establish a plausible entitlement to relief. Bell Atl.
Corp. v. Twombly, 550 U.S. 544, 556 (2007). Such
allegations must amount to “more than labels and
conclusions, [or] a formulaic recitation of the elements of a
cause of action.” Id. at 555.
argues that BONY's complaint does not allege a basis to
set aside the sale. BONY responds that Chapter 116 as it
existed at the time of this sale violated BONY's due
process rights; the HOA's foreclosure notices were
insufficient because they did not identify the superpriority
amount; and the HOA sale was not calculated to promote an
equitable sales price or properly attract bidders.
bears the burden of alleging a plausible basis to set aside
the HOA sale “in light of [Tantalum Trust's] status
as the record title holder . . . and the statutory
presumptions that the HOA's foreclosure sale complied
with NRS Chapter 116's provisions.” Nationstar
Mortg., LLC v. Saticoy Bay LLC Series 2227 Shadow
Canyon, 405 P.3d 641, 642-43 (Nev. 2017). “[M]ere
inadequacy of price is not in itself sufficient to set aside
the foreclosure sale, but it should be considered together
with any alleged irregularities in the sales process to
determine whether the sale was affected by fraud, unfairness,
or oppression.” Id. at 648. “A grossly
inadequate price may require only slight evidence of fraud,
unfairness, or oppression to set aside a foreclosure
sale.” SFR Investments Pool 1, LLC v. First Horizon
Home Loans, a Div. of First Tennessee Bank, N.A., 409
P.3d 891, 895 (Nev. 2018) (en banc). However, the fraud,
unfairness, or oppression must have “affected the sales
price.” Res. Grp., LLC as Tr. of E. Sunset Rd. Tr.
v. Nevada Ass'n Servs., Inc., 437 P.3d 154, 161
(Nev. 2019) (en banc).
complaint does not plausibly allege a basis to set aside the
sale. First, Chapter 116 as it existed at the time of this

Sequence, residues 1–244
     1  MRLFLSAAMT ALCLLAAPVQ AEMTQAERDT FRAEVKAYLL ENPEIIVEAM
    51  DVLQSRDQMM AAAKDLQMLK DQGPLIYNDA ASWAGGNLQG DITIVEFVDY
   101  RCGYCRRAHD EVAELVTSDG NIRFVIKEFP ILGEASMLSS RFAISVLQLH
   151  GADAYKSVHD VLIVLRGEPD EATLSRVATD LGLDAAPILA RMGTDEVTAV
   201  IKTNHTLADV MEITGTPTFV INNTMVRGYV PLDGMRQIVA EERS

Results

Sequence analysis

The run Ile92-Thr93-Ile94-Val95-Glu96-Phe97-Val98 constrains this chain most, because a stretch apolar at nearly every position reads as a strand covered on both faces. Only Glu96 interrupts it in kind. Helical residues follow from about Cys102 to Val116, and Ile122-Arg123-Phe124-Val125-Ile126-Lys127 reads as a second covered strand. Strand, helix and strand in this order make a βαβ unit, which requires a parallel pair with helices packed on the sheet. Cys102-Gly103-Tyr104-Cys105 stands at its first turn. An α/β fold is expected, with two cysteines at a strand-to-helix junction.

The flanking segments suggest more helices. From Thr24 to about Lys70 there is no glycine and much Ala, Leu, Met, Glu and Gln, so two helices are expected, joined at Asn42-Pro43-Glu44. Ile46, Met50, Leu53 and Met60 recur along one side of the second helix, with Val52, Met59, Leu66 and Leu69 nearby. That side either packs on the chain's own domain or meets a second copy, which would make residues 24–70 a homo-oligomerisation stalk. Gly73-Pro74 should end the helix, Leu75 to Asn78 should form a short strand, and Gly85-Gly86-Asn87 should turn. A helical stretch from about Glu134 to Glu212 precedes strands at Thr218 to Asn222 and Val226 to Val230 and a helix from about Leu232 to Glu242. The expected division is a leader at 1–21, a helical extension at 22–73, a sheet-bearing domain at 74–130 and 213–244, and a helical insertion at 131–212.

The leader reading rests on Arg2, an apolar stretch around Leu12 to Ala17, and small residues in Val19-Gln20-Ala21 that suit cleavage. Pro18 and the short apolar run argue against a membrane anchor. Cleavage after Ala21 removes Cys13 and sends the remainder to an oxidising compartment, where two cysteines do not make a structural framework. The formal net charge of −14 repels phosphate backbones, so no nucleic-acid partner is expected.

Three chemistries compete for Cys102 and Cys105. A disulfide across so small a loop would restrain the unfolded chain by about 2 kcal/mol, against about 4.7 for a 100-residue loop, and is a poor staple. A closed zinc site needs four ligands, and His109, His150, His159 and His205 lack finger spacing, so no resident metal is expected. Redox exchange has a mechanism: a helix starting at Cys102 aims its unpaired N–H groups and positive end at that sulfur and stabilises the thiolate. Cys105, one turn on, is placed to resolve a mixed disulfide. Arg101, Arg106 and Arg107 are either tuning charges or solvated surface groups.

sale did not violate BONY's due process rights. See
Bank of Am., N.A. v. Arlington W. Twilight Homeowners
Ass'n, 920 F.3d 620, 623-24 (9th Cir. 2019) (citing
SFR Invs. Pool 1, LLC v. Bank of N.Y. Mellon, 422
P.3d 1248 (Nev. 2018) (en banc)); Nationstar Mortg. LLC
v. Amber Hills II Homeowners Ass'n, No.
2:15-cv-01433-APG-CWH, 2016 WL 1298108, at *6-9 (D. Nev. Mar.
31, 2016). Second, the HOA “was not required to
identify that it was foreclosing on a superpriority lien or
the amount of the superpriority lien.” U.S. Bank
Nat'l Ass'n for GSAA Home Equity Tr. 2007-3
Asset-Backed Certificates Series 2007-3 v. Saticoy Bay LLC
Series 3930 Swenson, No. 2:17-cv-00463-APG-GWF, 2018 WL
3231245, at *3 (D. Nev. July 2, 2018) (citing SFR
Investments Pool 1 v. U.S. Bank, 334 P.3d 408, 418 (Nev.
2014) (en banc)). Finally, the Supreme Court of Nevada has
rejected the notion that an HOA has a duty to obtain the
highest price it could when conducting an HOA foreclosure
sale. Nationstar Mortg., LLC v. Saticoy Bay LLC Series
2227 Shadow Canyon, 405 P.3d 641, 644-45 (Nev. 2017).
although BONY did not mention it in its opposition to the
motion to dismiss, the complaint alleges on information and
belief that a tender attempt would have been futile. ECF No.
1 at 8. However, the complaint does not allege anyone
attempted tender. “Absent evidence that the HOA or its
agent affirmatively thwarted . . . efforts to tender the
superpriority amount, the alleged futility of any such effort
does not establish unfairness or oppression.”
Nationstar Mortg., LLC v. Melvin Grp., LLC, No.
71028, 422 P.3d 711, 2018 WL 3544972, at *2 (Nev. 2018);
but see Bank of Am., N.A. v. Thomas Jessup, LLC Series
VII, 435 P.3d 1217, 1220 (Nev. 2019) (holding that an
offer to pay the superpriority lien, ...